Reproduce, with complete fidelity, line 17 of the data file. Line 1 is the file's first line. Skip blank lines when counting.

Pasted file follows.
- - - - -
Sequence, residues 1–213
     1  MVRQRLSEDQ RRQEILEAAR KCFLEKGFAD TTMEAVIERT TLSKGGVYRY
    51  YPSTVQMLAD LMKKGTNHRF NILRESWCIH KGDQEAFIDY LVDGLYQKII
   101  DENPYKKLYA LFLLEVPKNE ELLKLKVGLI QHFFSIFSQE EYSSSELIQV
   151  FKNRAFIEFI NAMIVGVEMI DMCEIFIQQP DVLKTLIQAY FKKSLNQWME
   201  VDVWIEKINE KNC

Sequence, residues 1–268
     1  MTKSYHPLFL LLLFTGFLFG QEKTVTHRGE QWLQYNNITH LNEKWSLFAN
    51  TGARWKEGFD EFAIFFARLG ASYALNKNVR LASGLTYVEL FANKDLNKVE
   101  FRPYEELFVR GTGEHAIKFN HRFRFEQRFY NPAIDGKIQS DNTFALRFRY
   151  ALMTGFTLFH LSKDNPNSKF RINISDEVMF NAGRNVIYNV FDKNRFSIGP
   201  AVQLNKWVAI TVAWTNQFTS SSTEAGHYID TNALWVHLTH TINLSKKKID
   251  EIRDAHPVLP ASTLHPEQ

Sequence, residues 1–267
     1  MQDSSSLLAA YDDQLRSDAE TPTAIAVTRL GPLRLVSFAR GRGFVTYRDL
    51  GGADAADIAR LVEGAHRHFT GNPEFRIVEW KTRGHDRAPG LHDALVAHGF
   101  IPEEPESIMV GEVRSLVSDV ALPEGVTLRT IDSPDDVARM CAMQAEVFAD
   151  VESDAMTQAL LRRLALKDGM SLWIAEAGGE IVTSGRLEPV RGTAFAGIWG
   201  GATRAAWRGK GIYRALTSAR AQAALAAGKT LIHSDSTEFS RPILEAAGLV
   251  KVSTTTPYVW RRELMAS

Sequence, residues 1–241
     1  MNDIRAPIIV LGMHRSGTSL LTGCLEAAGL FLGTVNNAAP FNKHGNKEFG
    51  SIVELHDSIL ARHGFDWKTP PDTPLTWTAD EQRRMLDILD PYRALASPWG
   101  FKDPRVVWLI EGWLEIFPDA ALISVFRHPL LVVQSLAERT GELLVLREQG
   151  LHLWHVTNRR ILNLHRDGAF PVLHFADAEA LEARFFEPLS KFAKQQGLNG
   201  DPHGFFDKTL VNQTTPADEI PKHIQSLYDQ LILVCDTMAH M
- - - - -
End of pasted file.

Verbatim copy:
   101  IPEEPESIMV GEVRSLVSDV ALPEGVTLRT IDSPDDVARM CAMQAEVFAD